The Fool is fiercely loyal to the King, as the most intelligent and insightful character he provides simple and clear reasoning. Examinations of the Fool reveal his character personifies truth and reasoning; the things Lear lack. The Fool communicates in riddles and jokes to convey his messages to Lear. From the very first appearance the Fool is a very ironic character and that makes fun. Kent is one that receives his sarcastic remarks and phrases, "…thou must needs wear my coxcomb," (I. IV. 104) telling him that he is a Fool for remaining loyal to the since Lear gave everything away and became now worth following. Yet he simply remarks the truth of people around King Lear. He assists Lear by pointing out certain tails about people, and even the Lear's very own flaws. When Goneril gives Lear a taunt to get rid of his troops or to get out, Lear decides to head for shelter at his daughter, Regan's residence. The Fool acts in response by saying, "Shalt see thy other daughter will use the kindly; for though she's as like this as a crab's like an apple, yet I can tell what I can tell" (I. V. 14-16), meaning Regan would also treat you the same as Goneril. The Fool says that Regan would treat you kindly, even though she is similar to Goneril, he knows that Regan would taste just like Goneril - both f them sour crabapples. Later in the play, the Fool foreshadows what may happen, "[f]or you know, nuncle, the hedge-sparrow fed the cuckoo so long that it's had it head bit off by it young" (I. IV. 198-200). Also, the Fool attempts to open Lear's eyes for him to become able to see for himself, "[t]hou shouldst have been old till thou hadst been wise," (I. V. 42) and have insight as to why these events are occurring. The Fool never leaves the King's side even when Lear is going to Regan's house he pleads. "Nuncle Lear, Nuncle Lear, tarry take the fool with thee" (I. IV. 298-299). However, when he leaves he never returns, because he is no longer needed. The Fool mentions, "[a]nd I'll go to bed at noon" (III. IV. 84), that last we hear of him. The Fool means that everything is in chaos that he is going to 'bed at noon.' He leaves because Lear has gained the insight he needs and is capable of seeing things for himself now; the Fool's purpose is served.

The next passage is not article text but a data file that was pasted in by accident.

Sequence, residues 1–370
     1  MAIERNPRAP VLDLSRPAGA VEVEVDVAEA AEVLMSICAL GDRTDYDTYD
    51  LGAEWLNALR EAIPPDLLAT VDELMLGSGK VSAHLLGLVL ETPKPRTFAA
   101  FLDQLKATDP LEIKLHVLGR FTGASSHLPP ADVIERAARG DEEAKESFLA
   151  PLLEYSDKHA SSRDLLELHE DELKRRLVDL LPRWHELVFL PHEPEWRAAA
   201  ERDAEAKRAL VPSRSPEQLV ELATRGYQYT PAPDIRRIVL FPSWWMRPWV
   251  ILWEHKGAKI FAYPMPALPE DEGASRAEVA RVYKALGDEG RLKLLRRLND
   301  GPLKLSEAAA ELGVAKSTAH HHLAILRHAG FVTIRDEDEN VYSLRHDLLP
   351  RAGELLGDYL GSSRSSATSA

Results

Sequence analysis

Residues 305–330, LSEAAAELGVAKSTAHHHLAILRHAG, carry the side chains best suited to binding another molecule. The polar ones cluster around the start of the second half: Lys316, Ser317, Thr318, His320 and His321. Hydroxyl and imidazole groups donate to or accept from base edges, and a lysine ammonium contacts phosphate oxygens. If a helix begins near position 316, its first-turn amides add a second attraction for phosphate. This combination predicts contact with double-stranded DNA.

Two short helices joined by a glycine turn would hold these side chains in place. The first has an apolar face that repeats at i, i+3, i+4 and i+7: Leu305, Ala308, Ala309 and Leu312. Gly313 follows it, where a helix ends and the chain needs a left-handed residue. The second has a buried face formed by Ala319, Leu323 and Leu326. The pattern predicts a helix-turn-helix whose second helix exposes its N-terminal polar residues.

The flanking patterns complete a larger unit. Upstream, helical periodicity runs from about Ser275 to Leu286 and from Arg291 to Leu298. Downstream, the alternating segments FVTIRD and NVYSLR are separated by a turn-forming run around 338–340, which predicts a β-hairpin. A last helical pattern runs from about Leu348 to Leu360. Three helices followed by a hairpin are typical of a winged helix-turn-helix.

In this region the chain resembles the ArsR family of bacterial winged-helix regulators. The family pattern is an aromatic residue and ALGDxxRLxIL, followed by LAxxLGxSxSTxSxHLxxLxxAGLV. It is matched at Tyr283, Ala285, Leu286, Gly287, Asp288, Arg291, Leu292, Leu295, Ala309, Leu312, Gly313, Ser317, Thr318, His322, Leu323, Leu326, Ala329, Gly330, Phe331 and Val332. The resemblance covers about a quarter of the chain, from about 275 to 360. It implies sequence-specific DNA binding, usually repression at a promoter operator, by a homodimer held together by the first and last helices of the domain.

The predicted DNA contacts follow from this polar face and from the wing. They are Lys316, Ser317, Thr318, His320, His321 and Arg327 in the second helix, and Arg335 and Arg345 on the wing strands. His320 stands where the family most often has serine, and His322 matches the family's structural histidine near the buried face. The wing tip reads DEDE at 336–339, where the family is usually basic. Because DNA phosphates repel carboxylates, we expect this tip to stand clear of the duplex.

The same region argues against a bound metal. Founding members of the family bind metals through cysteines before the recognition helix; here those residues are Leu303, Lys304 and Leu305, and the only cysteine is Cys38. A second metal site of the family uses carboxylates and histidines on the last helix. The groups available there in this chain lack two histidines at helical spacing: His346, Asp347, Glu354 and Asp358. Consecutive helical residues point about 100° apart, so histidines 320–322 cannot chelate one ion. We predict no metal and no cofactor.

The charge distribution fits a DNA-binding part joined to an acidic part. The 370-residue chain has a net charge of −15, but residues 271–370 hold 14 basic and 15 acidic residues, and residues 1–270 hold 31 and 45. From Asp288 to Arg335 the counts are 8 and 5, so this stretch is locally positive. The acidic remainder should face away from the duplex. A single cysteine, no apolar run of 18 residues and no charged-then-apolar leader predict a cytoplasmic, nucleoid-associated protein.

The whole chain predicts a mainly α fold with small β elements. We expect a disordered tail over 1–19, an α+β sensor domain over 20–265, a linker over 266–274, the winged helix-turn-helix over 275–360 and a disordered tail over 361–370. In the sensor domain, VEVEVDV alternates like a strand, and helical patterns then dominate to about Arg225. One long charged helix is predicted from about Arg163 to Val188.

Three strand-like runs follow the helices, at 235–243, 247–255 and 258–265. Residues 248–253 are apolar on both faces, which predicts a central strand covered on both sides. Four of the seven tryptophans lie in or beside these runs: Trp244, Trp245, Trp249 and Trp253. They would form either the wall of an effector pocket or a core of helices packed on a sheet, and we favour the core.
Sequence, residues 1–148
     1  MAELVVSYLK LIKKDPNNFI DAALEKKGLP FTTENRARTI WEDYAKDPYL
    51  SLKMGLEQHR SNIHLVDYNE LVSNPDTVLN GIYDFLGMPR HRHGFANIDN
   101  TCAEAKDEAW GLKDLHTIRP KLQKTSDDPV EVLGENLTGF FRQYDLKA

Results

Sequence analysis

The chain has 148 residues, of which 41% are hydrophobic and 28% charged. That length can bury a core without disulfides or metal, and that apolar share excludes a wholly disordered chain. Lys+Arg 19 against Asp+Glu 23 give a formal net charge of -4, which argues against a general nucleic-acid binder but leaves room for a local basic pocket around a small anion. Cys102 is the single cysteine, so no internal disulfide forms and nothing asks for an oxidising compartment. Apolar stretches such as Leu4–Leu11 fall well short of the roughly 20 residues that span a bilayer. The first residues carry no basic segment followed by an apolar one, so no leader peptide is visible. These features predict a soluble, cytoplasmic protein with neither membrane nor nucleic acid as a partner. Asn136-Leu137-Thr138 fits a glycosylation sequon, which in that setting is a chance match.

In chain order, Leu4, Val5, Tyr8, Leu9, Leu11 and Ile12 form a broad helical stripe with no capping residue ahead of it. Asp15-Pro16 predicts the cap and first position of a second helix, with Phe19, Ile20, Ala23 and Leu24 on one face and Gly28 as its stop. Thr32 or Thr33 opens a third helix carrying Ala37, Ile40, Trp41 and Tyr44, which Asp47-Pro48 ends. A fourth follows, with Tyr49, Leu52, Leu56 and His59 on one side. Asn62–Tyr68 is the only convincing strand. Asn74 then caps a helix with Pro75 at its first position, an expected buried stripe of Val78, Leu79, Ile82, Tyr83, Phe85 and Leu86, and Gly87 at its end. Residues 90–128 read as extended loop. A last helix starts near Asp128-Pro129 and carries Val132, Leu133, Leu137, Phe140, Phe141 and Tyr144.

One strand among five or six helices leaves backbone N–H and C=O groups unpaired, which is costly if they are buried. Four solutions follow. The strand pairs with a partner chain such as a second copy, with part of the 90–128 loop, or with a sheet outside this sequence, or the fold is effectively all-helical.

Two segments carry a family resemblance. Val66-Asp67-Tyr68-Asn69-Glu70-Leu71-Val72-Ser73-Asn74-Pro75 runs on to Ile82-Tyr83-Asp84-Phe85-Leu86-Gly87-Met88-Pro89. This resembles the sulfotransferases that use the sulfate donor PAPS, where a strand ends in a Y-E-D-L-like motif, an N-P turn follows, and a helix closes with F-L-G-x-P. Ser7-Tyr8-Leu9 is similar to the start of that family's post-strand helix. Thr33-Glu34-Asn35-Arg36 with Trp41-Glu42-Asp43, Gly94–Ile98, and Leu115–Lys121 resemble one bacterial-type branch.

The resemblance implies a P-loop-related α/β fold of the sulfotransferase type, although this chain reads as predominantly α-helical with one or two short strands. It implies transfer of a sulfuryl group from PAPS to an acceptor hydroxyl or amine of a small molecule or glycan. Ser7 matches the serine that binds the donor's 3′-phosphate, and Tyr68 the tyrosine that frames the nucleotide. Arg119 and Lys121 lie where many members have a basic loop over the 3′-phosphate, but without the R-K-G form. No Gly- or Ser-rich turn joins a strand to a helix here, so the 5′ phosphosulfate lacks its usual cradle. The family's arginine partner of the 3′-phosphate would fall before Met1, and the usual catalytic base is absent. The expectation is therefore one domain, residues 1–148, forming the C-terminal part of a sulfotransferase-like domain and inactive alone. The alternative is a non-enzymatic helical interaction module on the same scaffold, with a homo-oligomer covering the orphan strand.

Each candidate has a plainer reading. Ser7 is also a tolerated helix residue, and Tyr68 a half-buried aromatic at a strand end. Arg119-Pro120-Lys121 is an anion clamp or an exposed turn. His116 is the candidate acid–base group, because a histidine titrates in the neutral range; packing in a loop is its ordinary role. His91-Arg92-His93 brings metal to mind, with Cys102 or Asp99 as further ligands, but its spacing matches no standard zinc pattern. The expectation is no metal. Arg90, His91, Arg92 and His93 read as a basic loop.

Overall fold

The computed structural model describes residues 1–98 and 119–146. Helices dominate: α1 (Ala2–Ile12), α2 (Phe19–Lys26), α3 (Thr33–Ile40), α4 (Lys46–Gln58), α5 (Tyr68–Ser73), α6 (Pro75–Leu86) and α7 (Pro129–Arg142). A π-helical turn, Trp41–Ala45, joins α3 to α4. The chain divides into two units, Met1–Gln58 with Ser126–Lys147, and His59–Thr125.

The name Fool means nothing. As the most intelligent and insightful character and provides simple and clear reasoning for a King with limited vision. The Fool is loyal to the bitter end and provides the little bits of humour, much needed in the play; he has honesty and integrity that is found in only a few other characters in this play. Lear only has come to realization of who people are and reality because of the Fool. The Fool sustained Lear's sanity as long as he could in order to aid him to see the truth clearly. In the end, Lear appears as a father, a man that the audience can feel pathos for. When the Fool accomplished his mission to helping Lear gain his insight he vanishes. Lear may have gone insane much earlier if it was not for the Fool's influence. The fool is the key factor to Lear's evolutional changes.
Shakespeare, King Lear. New York: New American Library, of a division of Penguin Group Inc., 1998. Print.